Yesterday, St. Patrick's Day was marked by a White House speech given by Irish Prime Minister Enda Kenny, which lauded the contributions of immigrants to the United States of America, as President Donald Trump stood, just feet away. In a recent YouTube-hosted video, Jayar Jackson, with The Young Turks, described President Trump's demeanor during the Irish PM's speech as being the result of thinking either, "I want to kill this guy," or, "I don't know what he's saying. I wish he would stop talking." Jimmy Dore, also with TYT, imagined Trump later lamenting the accents of "foreigners" in private, and stating an inability to understand his speech.

PM Kenny's speech noted the annual White House tradition of honoring St. Patrick, who, the PM ensured those gathered understood, was an immigrant. Kenny described St. Patrick as both the "patron saint of Ireland," and "immigrants." He pointed to contributions of 35 million Irish-Americans on "economic, social, political, and cultural" fronts to a nation he described as "great." He described the plight of millions of Irish, drawn to America by "liberty," "opportunity," "safety," and "even food itself."

Irish PM invokes 'Lady Liberty'

"Four decades before Lady Liberty lifted her lamp, we were the wretched refuse on the teeming shore," Enda Kenny declared, as President Trump looked on. The prime minister of Ireland held up the "shelter," the "compassion," and the "opportunity," offered by the United States, and how the Irish "became Americans." John Iadarola, with TYT, characterized the Irish PM's speech as "sticking it" to Donald Trump, citing its references to "Lady Liberty," and "teeming shore." Mr.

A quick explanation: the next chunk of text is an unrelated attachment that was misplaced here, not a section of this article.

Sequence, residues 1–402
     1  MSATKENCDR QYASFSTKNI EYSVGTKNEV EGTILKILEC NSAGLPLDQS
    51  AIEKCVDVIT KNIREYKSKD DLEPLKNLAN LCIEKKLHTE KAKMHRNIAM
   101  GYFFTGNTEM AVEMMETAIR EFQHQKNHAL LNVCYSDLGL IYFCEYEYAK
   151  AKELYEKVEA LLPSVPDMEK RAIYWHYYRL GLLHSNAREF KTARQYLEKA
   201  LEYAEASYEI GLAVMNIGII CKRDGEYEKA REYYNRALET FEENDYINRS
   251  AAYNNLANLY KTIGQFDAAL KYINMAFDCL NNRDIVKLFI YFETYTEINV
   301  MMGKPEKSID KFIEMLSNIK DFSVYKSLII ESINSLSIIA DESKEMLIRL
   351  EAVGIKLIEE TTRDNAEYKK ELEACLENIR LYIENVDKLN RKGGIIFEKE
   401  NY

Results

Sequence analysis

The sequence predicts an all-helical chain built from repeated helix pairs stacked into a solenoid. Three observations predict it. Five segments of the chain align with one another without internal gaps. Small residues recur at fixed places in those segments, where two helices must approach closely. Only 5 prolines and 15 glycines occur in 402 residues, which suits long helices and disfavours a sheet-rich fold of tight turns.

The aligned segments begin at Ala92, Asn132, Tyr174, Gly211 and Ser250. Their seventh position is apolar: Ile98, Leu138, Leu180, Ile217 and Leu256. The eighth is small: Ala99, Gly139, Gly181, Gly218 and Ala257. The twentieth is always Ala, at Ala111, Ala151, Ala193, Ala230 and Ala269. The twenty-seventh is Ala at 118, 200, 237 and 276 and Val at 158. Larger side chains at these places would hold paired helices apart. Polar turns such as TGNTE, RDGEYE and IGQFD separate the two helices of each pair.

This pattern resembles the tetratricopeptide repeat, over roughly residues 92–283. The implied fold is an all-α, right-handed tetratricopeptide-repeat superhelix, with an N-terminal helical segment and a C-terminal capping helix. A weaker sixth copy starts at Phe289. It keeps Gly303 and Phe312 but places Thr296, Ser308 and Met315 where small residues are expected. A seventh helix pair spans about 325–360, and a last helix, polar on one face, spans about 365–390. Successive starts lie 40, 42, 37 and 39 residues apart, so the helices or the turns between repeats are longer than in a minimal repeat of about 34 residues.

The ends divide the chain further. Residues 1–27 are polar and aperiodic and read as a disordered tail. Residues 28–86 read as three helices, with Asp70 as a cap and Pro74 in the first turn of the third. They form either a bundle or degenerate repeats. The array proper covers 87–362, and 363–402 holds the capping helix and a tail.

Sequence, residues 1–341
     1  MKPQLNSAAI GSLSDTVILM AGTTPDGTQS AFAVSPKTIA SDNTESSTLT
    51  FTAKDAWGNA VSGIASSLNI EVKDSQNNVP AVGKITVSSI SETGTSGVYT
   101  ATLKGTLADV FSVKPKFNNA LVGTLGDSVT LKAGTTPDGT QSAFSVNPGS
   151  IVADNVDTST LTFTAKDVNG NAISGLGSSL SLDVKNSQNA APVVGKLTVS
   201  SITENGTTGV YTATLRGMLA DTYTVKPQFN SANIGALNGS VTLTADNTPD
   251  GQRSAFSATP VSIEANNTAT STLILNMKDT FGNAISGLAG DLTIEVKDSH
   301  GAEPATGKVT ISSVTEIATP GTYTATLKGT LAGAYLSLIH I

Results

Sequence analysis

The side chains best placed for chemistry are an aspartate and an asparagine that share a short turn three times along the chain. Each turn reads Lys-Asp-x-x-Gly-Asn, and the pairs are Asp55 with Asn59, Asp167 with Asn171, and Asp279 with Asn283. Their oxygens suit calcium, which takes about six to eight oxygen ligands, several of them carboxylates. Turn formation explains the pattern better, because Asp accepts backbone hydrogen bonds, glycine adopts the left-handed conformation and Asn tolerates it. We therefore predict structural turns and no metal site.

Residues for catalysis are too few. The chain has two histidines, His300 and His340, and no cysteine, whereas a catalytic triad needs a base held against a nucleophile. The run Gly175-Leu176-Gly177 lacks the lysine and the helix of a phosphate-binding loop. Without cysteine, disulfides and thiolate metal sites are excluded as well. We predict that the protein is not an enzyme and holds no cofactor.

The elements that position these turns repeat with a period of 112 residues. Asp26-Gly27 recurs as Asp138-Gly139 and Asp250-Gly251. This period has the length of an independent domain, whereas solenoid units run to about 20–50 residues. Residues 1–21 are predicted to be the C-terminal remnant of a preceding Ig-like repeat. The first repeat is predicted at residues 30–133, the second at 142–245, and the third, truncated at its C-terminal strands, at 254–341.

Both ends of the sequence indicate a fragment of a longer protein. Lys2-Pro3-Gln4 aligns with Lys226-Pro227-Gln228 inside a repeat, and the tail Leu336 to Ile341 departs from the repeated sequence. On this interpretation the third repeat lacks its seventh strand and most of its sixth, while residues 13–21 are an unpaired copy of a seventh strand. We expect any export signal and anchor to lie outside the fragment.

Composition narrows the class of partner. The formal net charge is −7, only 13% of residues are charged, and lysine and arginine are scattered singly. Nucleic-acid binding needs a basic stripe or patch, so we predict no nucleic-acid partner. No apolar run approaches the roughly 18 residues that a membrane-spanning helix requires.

Iadarola offered the opinion that when foreign leaders wax eloquent in Donald Trump's presence, it is with the intention of "sticking it to him."

Iadarola observed that the PM's speech acknowledged realities of American life. One central to "what we are" is accepting those in need into the U.S. cultural fold, the other being a tradition of "resisting," and "resenting," those newly arrived.

The TYT host suggested that, through history, those who have resisted and resented newcomers are never able to comprehend "what they represent," when compared and contrasted with those who have come before them. Iadarola described President Trump as being the "leader" of a "movement" comprised of people falling into this group.

Iadarola, who is 34, listed Italian, Irish, and German challenges, and victories, integrating into U.S. life and stated, "That's what we are as a country." He described President Trump looking "uncomfortable" while Enda Kenny spoke, being reminded of his immigration rhetoric, particularly in the presence of the media. Jayar Jackson spoke of a perception in America that immigrants are a "new thing," and contrasted this with the reality that with every new wave of them, through history, there has been "push back."

Slaves are not immigrants

Jimmy Dore noted a time in America's past when a business sign advertising for employees might have included a qualifier, such as "Irish need not apply." The host contrasted this with a view held by some that, because they were white, early Irish immigrants to the United States did not face challenges.

John Iadarola stated that the "Irish had it really hard for a long time." Jimmy Dore, who is also a comedian, then stated, to laughs from Jayar Jackson and John Iadarola, "And that's why I know exactly what it's like to be black."

The Guardian has reported on the stark difference between an immigrant and a slave being brought to light when HUD Secretary Ben Carson recently confused the terms, speaking of "immigrants who came here in the bottom of slave ships." Immigrants have chosen to come to America, while African slaves were brought to America against their will. The Atlantic has reported that 4,000 U.S. cases of sex-slave trafficking were reported in 2012, though there are said to be 20.9 million victims worldwide. "Many cases go unreported."